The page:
The math behind senator Boxer’s push to abolish the Electoral College

She was with her.
She was with her.
Image: AP/John Minchillo
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A week after America voted Donald Trump into the White House, California senator Barbara Boxer introduced a bill to abolish the Electoral College, the system by which states allocate votes to presidential candidates. The College, long an unpopular feature of American politics, was decisive in the election of Trump, who lost the popular vote to Hillary Clinton.

The Electoral College is established in Article II of the US Constitution. It gives each state one elector for each member in Congress—both the House of Representatives and the Senate. All electors vote according to the winner of the popular vote within that state. There are 538 total electors, which means any candidate needs 270 to win. Trump won with 290.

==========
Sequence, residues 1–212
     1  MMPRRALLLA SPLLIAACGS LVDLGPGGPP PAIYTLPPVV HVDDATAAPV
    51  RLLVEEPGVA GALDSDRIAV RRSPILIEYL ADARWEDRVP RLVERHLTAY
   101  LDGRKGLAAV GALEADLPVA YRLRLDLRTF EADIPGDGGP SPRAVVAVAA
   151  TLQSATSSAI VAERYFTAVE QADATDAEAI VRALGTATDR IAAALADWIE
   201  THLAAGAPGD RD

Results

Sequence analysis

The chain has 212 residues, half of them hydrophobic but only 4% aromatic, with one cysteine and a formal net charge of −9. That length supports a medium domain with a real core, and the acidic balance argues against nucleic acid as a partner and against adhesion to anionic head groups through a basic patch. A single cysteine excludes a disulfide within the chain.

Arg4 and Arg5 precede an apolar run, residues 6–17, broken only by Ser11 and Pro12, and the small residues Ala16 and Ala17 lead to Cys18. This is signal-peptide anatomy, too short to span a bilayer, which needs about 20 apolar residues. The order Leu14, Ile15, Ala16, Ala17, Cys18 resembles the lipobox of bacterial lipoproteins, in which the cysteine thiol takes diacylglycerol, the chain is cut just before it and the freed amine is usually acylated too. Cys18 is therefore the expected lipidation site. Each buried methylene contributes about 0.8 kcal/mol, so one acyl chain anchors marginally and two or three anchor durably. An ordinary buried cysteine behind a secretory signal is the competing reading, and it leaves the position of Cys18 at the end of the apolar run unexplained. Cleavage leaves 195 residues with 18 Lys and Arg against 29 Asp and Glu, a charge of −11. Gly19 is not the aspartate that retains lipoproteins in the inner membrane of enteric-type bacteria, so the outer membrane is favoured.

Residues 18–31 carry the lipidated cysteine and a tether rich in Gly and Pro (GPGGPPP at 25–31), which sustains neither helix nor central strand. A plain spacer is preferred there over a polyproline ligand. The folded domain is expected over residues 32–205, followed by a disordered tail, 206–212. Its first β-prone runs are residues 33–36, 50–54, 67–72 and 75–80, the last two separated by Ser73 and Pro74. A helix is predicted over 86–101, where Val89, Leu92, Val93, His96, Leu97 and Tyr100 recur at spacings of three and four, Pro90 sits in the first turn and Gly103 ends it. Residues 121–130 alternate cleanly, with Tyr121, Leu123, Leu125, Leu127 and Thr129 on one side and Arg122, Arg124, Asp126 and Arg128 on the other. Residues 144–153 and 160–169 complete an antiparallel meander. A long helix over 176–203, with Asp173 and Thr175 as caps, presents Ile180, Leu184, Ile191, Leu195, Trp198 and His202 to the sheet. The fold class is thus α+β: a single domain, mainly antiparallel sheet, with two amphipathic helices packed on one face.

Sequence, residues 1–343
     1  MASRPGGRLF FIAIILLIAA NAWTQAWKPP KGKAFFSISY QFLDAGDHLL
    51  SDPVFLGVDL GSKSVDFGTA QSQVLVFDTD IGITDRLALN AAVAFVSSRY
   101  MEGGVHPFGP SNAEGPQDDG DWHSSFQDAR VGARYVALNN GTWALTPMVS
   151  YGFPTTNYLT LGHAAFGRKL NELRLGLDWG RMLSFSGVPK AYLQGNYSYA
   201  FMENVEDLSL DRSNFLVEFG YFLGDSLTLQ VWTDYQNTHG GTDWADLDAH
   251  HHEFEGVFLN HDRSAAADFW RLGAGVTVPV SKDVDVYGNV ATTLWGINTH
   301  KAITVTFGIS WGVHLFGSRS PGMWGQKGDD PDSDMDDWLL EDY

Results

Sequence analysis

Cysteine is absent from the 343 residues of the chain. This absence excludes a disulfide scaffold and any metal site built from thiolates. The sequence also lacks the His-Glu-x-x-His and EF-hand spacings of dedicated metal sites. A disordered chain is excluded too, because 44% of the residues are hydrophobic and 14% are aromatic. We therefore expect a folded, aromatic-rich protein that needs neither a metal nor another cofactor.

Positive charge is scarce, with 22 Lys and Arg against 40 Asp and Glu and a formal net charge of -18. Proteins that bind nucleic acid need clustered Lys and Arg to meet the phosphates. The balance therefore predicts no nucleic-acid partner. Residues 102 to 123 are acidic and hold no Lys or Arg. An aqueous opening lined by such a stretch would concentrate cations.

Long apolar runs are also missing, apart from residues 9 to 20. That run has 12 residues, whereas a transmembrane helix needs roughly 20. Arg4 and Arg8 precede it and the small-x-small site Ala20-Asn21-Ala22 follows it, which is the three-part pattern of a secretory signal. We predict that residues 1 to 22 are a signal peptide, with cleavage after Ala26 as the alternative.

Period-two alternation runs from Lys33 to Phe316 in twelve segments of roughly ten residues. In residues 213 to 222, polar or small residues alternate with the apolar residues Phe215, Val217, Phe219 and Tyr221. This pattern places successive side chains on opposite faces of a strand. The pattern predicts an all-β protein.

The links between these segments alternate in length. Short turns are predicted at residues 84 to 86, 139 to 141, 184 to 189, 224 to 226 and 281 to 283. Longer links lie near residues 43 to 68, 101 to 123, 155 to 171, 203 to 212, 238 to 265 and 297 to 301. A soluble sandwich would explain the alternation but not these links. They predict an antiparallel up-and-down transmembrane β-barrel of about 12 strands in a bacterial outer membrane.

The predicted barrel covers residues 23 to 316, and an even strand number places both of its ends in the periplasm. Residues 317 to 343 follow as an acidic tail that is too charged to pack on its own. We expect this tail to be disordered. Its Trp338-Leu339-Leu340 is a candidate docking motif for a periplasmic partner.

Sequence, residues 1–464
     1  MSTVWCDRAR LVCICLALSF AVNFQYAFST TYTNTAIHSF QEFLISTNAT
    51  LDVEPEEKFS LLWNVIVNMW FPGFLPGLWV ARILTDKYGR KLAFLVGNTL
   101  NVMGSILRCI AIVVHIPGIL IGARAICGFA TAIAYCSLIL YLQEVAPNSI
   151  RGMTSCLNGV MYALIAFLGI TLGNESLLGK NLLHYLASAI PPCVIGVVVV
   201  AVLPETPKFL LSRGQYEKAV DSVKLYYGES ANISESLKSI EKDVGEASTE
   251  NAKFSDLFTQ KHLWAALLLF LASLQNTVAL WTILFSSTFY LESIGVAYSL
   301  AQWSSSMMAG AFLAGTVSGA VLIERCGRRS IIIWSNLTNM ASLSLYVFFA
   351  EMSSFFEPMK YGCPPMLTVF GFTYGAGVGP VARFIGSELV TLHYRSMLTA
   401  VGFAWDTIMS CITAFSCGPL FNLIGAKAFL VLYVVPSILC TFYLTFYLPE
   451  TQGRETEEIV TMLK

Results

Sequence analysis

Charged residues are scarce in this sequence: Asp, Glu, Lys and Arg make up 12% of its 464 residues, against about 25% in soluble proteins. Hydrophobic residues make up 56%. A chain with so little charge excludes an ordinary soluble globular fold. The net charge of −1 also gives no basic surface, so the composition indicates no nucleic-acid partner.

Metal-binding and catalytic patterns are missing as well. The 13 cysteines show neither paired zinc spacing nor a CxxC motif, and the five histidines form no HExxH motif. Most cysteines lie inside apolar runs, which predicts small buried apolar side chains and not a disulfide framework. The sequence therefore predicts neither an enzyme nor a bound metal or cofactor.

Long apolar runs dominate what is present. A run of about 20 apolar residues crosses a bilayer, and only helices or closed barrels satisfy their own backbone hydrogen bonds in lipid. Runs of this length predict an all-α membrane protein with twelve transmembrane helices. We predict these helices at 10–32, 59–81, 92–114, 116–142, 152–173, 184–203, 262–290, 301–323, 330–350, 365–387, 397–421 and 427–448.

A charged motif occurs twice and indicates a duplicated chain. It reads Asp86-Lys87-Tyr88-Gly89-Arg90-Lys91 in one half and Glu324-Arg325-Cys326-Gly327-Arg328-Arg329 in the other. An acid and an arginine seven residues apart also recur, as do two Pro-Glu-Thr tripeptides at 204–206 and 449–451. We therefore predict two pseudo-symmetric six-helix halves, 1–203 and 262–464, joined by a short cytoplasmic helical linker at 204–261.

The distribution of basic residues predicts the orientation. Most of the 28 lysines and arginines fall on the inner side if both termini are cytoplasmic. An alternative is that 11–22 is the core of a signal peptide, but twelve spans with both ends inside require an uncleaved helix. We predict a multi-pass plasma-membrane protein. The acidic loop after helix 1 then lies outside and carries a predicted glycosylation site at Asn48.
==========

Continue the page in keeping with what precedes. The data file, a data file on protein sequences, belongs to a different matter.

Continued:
Because the number of senators in a state is not tied to its population, voters in some states end up having more influence over the outcome than others. In particular, voters in less populous states, such as Alaska, Vermont, and Wyoming, have significantly more power than those in more populous states such as California, Florida, and Texas.

In California, for example, there are about 546,000 voters per elector. In Wyoming there are only 149,000. Thus, an individual vote in Wyoming carries about 3.7 times more weight in choosing who ultimately becomes president. Because less populous states also tend to be more rural, this effectively diminishes the power of urban voters.

Despite being frequently criticized, the Electoral College has never seen a serious challenge. Previous calls to abolish or reform it have had a tendency to evaporate soon after election day.

Trump’s controversial election might be enough to build some momentum behind Boxer’s bill, but, even if it is, the Democrat’s proposal will almost certainly fail. Abolishing the College would require a constitutional amendment. That’s difficult under any circumstance and probably impossible right now with a Republican majority in Congress.

Boxer herself is retiring from Congress at the end of the year, and thus won’t be in a position to push the bill forward. As frustrating as it may be for her fellow Democrats, and for anyone who would prefer more straightforward elections, it’s almost certain the Electoral College will still exist when Americans vote again in 2020.